I copy from “Cyberwar: a Whole New Quagmire” written by Markus J. Ranum (emphasis mine):

“The best defense against something like Stuxnet could not possibly be a strong offense – how can you pre-empt something unknown that was released without attribution? Stuxnet was exactly adequate for its job. How do you prevent such a thing from working on you? You do exactly the opposite of what we’re doing everyplace: you in-house security, in-house IT, and begin to build your infrastructure so that there are unpredictable and unknown barriers within it, including critical sections that are air-gapped and closely monitored. Yes, that is expensive and inconvenient. The question is whether the alternative is even more expensive and inconvenient.”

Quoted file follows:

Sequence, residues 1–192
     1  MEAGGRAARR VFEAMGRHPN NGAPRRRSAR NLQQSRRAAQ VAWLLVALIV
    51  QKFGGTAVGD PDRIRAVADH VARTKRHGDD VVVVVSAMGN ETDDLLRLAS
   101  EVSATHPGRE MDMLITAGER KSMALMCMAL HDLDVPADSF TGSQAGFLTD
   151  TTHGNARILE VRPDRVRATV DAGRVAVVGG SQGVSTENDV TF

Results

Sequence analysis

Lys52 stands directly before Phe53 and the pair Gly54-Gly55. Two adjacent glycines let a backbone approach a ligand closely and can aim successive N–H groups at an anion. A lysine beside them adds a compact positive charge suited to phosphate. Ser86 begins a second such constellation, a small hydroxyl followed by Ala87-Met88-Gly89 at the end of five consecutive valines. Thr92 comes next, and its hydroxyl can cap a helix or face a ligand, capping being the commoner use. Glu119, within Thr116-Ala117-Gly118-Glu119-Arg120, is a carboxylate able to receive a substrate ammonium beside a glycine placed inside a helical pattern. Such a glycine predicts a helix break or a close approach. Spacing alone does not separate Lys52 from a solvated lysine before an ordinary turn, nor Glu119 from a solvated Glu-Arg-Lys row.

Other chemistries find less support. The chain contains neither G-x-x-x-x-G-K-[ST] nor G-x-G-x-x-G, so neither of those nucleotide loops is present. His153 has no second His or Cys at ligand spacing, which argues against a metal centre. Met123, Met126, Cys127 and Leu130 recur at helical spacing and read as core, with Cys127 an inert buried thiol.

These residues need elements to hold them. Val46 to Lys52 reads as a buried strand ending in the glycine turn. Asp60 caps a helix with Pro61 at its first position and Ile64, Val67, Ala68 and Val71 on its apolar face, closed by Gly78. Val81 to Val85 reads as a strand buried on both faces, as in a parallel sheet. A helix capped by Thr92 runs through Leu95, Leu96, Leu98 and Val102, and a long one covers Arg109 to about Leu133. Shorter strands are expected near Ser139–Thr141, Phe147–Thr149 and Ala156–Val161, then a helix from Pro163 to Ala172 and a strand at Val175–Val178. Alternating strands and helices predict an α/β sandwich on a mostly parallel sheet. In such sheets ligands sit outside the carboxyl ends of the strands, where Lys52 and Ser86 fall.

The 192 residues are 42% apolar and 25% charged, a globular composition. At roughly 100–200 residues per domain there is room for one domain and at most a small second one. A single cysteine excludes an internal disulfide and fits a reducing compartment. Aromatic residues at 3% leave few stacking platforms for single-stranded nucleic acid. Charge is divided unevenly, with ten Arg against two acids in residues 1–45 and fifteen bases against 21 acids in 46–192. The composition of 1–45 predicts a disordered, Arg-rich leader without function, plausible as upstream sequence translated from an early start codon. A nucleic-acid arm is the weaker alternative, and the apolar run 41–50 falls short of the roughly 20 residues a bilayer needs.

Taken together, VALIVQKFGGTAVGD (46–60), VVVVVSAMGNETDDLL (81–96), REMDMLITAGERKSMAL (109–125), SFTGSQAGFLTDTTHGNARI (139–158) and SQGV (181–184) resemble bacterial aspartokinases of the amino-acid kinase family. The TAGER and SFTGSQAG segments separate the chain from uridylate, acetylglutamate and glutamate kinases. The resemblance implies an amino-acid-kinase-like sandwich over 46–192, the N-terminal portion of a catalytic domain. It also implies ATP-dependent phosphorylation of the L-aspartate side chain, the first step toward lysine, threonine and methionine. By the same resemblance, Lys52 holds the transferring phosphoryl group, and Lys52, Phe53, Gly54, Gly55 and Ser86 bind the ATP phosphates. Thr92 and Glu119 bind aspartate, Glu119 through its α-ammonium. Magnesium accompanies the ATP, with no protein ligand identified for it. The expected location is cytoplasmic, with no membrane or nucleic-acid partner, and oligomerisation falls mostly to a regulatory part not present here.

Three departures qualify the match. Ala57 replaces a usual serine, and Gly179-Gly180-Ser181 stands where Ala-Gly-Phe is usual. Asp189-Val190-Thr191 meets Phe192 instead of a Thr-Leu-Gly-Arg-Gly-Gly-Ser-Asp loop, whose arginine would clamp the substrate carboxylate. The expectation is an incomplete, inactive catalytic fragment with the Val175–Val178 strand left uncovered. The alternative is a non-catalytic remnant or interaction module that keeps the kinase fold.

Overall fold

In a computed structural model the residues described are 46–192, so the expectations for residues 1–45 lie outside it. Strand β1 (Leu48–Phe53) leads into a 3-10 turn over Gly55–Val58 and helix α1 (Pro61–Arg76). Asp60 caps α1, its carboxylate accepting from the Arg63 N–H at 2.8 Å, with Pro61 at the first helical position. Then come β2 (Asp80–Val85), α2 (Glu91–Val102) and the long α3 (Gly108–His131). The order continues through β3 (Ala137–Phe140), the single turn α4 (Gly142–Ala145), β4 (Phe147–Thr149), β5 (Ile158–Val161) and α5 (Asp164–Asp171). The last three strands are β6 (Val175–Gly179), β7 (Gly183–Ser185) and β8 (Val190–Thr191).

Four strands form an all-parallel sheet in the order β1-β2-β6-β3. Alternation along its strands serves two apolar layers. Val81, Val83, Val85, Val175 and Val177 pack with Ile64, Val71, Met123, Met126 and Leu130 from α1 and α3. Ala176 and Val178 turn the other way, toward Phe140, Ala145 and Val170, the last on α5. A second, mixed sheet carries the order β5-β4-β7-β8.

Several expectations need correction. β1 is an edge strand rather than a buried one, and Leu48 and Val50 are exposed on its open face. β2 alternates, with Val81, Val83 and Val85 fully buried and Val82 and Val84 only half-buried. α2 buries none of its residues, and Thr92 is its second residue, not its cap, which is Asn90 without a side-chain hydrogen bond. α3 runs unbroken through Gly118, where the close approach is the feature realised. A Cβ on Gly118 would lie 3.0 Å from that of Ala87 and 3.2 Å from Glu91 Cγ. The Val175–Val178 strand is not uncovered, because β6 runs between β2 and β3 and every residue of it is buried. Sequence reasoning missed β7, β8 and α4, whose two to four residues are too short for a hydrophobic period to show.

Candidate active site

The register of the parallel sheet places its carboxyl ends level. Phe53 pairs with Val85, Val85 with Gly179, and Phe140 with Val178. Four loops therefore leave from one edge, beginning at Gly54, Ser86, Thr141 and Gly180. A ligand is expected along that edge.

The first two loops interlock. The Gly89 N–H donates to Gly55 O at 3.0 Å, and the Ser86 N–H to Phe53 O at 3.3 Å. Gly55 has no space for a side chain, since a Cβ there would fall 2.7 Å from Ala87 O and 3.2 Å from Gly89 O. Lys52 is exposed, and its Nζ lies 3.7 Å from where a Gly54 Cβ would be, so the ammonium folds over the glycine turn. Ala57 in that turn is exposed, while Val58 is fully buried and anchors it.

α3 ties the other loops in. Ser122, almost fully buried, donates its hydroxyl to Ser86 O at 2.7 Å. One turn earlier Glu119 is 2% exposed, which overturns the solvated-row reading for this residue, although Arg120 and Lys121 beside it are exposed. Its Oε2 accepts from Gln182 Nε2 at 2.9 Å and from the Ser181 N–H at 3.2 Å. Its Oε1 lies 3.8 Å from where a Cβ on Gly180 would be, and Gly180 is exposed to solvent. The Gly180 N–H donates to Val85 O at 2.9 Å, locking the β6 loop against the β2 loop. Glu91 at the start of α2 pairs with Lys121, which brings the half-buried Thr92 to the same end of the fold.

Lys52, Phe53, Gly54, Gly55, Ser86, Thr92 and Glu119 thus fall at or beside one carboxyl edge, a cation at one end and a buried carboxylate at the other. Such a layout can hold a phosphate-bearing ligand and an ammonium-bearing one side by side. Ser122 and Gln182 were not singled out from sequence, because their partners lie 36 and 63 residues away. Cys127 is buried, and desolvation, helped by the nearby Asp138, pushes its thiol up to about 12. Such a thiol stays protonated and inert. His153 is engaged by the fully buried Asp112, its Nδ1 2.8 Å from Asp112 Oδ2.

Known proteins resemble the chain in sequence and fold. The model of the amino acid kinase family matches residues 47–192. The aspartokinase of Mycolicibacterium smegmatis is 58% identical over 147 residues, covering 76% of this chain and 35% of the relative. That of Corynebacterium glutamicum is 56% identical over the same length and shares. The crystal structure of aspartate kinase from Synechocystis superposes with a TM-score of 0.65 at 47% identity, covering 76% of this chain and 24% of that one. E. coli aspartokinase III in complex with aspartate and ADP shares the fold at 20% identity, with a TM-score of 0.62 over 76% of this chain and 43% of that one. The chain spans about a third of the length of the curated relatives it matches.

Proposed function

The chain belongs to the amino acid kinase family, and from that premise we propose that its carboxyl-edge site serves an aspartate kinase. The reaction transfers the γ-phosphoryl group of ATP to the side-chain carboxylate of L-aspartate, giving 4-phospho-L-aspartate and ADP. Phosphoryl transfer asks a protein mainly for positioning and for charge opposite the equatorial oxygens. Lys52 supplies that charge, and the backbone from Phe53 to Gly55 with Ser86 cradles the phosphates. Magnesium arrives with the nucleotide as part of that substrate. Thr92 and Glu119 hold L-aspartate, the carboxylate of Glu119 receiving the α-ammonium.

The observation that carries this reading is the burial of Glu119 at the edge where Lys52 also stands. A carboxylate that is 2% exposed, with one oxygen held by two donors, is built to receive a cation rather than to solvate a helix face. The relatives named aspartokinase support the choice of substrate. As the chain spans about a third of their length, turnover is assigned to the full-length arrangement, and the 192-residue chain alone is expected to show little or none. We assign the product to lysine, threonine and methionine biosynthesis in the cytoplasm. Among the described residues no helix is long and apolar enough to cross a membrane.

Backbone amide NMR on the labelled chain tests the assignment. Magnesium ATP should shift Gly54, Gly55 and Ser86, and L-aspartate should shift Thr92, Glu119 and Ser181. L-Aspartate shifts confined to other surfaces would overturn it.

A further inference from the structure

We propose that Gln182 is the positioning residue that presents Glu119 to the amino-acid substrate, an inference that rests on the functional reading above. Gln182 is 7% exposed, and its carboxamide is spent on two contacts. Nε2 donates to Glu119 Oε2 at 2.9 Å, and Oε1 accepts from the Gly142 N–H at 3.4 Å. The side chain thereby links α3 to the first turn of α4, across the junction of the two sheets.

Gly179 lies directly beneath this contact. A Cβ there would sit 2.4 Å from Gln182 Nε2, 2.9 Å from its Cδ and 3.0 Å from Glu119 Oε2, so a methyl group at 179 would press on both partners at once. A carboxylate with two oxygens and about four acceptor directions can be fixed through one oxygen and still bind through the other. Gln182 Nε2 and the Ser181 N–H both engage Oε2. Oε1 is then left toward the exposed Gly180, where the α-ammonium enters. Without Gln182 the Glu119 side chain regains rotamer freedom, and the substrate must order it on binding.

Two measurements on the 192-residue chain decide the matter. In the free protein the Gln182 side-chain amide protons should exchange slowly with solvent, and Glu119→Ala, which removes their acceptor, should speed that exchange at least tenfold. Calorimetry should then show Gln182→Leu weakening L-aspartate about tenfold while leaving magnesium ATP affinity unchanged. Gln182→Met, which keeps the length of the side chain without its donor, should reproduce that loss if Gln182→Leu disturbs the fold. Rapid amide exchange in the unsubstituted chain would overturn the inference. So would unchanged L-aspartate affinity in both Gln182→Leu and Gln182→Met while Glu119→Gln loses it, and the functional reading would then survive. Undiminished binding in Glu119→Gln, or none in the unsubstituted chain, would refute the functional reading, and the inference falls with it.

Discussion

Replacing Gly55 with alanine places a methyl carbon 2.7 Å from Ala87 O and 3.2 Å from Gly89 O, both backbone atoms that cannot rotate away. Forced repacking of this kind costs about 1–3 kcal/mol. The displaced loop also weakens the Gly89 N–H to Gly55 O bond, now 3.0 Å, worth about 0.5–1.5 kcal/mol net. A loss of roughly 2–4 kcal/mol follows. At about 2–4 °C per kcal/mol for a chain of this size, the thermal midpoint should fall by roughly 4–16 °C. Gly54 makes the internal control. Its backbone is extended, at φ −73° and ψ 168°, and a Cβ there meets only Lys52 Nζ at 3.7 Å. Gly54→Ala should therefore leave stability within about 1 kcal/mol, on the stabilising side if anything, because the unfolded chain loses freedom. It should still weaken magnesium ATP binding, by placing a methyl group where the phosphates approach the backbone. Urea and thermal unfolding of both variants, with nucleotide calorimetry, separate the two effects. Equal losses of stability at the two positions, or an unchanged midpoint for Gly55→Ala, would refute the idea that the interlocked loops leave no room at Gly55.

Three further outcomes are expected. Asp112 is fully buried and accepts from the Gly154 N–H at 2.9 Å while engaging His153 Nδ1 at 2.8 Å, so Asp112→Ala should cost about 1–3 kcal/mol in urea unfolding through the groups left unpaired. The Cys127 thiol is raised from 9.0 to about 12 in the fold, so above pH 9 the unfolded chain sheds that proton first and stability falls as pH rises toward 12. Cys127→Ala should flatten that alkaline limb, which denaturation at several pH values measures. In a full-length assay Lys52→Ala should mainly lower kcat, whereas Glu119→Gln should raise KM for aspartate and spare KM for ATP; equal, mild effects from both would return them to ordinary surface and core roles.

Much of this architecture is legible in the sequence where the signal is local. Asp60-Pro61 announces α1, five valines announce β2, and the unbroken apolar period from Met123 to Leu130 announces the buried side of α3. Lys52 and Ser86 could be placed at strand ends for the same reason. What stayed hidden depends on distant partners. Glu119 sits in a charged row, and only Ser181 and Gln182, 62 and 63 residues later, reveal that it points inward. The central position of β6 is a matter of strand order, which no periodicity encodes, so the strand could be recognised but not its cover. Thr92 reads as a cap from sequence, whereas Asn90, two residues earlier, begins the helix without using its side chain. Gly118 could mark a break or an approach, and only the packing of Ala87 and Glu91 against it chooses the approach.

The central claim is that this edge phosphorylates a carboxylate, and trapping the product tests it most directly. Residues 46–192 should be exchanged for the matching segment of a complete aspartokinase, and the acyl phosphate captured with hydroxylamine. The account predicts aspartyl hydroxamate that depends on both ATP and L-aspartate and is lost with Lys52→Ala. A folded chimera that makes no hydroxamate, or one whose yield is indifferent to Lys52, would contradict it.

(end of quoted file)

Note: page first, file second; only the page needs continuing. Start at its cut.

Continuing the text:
And that is why outsourced government clouds will not work. We only have to wait until the first major event to see this. The lean behavior is to build people so as to control the infrastructure. Short term cost cutting practices are for bonus hunters who will be long gone (disclaiming any responsibility) when disaster strikes.

Won’t “free market” advocates love this, I wonder.


8 Responses to “in-house”

  1. Kostas P. Says:

    Again, oversimplified, at least this quote. What are unpredictable barriers? (IMNSHO there is no such thing). How will in-sourcing help build them? And air gaps…another myth!

    • adamo Says:

      In his very particular case, in-sourcing build unpredictable barriers by simply not using a SCADA system sold by the West. What you cannot buy, for whatever the reason, you build yourself. And that is why certain governments have requested (and gained access) to proprietary source code.